Even though I’m a major tree lover from the time I could climb them, I also love the large diversity of plants and other living things that grow on and underneath trees, including wildflowers, club moss, mushrooms, moss, lichens, liverworts, horsetails and ferns.
Ferns were just interesting green things I used to appreciate but never really thought about identifying until I took a field botany course and found out identifying ferns is really not hard at all! The best book for identifying ferns is Fern Finder, by Anne C. Hallowell and Barbara G. Hallowell.
This particular book is a guide for native ferns of central and northeastern US and Eastern Canada. There is the Pacific Coast Fern Finder, also.
One fern that doesn’t need keying out is the Interrupted Fern (Osmunda Claytoniana). While I read and learned about this unique fern for my class, I never imagined when I first saw it growing at Allegany State Park in May that it would be as tall as it was at that time. The fronds (“leaves”) can grow up to six feet long! Interrupted fern has fertile pinnae (“leaflets”) “interrupting” sterile pinnae in the center of each frond. There are usually two to four pairs of fertile pinnae with dark brown sporangia when they’re ripe. They wither and fall, leaving vacant spots on the leaf stem after midsummer. Here’s what the fertile pinnae looked like at Allegany State Park on May 26th:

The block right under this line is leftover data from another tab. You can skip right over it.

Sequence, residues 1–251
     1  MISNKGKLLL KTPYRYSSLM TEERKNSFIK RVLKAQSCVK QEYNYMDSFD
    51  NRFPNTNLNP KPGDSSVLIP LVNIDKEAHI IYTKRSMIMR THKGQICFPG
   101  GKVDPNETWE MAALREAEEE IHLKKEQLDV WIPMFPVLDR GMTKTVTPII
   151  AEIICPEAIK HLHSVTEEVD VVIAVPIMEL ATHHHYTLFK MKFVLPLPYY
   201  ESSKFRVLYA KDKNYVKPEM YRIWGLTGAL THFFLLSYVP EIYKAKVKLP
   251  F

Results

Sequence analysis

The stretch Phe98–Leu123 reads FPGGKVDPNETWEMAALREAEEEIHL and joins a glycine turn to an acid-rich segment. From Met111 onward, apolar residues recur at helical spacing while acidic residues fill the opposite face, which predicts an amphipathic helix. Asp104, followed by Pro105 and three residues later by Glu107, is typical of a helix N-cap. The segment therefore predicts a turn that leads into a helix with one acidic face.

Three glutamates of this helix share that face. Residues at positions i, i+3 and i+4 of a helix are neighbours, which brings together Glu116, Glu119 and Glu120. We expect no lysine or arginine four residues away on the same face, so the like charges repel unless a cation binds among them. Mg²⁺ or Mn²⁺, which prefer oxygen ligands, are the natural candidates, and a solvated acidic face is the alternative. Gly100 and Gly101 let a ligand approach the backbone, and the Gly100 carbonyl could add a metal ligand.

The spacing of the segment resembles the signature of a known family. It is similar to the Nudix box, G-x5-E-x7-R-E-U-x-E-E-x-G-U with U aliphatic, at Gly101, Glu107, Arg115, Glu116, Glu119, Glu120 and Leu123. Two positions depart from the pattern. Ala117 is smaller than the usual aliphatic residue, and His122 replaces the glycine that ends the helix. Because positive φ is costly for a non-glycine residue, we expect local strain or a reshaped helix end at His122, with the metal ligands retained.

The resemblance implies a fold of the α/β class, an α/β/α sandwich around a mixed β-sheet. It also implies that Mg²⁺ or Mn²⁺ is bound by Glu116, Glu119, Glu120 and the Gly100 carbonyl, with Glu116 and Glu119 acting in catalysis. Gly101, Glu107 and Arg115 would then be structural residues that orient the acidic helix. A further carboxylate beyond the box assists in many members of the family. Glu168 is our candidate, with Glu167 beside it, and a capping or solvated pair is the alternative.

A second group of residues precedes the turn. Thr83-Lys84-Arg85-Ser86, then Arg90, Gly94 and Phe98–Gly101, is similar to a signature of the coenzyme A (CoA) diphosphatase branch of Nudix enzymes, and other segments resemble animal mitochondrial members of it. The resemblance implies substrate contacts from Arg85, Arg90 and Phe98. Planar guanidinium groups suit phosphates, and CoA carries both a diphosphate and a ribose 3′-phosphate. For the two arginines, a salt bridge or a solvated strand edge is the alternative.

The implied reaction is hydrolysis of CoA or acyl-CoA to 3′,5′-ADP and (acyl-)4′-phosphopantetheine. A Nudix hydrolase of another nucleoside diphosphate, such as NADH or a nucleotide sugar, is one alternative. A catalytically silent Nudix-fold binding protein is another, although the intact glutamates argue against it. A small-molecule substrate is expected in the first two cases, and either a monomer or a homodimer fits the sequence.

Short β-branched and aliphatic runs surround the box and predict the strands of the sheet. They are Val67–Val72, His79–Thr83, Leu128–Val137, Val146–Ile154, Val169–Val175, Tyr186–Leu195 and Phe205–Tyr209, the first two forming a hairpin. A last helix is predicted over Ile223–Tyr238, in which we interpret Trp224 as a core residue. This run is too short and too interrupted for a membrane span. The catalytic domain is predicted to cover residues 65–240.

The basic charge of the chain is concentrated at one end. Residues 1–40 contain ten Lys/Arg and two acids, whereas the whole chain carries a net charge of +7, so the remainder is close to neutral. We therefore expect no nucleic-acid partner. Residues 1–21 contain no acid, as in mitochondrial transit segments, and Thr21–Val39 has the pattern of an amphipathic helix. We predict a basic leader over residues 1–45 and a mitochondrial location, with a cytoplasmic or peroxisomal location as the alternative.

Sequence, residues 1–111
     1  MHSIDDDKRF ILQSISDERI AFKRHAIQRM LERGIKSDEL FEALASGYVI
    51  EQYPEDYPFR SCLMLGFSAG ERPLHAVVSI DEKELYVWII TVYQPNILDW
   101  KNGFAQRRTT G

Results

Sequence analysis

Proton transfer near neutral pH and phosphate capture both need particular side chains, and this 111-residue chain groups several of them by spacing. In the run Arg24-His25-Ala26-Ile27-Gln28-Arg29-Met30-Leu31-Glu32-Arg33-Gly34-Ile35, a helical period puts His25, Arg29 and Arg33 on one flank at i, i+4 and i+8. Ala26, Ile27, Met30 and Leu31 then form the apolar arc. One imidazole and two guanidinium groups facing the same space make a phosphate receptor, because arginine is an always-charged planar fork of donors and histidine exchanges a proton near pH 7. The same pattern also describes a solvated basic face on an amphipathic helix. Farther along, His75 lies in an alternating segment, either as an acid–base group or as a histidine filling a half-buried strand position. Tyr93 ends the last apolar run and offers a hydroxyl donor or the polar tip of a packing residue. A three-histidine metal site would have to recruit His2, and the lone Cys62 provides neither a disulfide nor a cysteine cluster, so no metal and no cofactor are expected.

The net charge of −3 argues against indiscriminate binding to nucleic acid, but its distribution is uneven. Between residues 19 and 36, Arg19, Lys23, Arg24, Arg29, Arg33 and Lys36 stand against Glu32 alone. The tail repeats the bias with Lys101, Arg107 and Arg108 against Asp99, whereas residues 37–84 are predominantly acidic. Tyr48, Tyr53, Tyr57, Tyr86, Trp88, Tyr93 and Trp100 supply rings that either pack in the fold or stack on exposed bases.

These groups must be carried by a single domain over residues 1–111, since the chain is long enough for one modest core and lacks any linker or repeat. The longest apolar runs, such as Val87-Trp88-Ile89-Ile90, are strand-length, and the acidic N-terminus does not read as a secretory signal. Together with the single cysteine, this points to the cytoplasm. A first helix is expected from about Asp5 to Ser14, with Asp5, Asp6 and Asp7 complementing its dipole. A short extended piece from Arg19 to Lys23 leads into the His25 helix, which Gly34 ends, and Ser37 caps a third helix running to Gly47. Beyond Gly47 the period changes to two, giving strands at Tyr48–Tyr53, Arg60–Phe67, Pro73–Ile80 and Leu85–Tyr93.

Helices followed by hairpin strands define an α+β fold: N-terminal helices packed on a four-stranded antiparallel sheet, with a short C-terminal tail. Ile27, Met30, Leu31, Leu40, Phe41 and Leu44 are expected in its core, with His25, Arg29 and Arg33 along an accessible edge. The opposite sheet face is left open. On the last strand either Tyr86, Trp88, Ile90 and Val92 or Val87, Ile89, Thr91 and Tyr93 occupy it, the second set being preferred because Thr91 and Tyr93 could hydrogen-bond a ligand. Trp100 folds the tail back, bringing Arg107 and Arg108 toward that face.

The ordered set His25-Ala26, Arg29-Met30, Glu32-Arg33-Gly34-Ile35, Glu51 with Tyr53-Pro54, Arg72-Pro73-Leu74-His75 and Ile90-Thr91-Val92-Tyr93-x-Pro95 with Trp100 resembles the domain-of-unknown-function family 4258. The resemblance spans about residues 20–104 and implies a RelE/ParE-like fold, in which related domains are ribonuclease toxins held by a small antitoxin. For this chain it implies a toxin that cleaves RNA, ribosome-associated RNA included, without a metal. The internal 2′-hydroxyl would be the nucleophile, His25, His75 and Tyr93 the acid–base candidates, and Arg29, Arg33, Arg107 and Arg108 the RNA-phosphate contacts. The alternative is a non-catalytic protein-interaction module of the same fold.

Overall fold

Here’s a closer look at the dark brown sporangia on the fertile pinnae:
Interrupted fern doesn’t have any cinnamon colored hairs on its stipe (base of the frond). However, it has some loose fur when it is young, but is smooth when it matures. It prefers dry soil but does well in a variety of places. It serves as a soil anchor in steep rocky localities with sparse soil. Which is interesting because we saw this fern on the old ski slope at Allegany State Park. The ferns were located about halfway down this slope which leads to an old growth forest:
This fern grows from Newfoundland to Manitoba south to western North Carolina, northern Georgia and Alabama, Tennessee, Missouri, Iowa, and Minnesota.
I hope you’ll go to the woods and start getting really close to ferns and keying them out – unless you already have! Thanks to Tom for allowing me to be a guest on his blog, and for letting me share my love of the interrupted fern, and ferns in general!
Sources: Palmer, Laurence, Some New York Ferns, The Conservationist, August-September 1962
Lellinger, David B., A Field Manual of the Ferns & Fern-Allies of the United States & Canada, Smithsonian Institution Press, 1985.
P.S. I would list my Fern Finder as a source but I lent it out to a good friend. Which reminds me, I need to get that book back so I can have more fern fun myself!
This guest post was written by NatureWoman.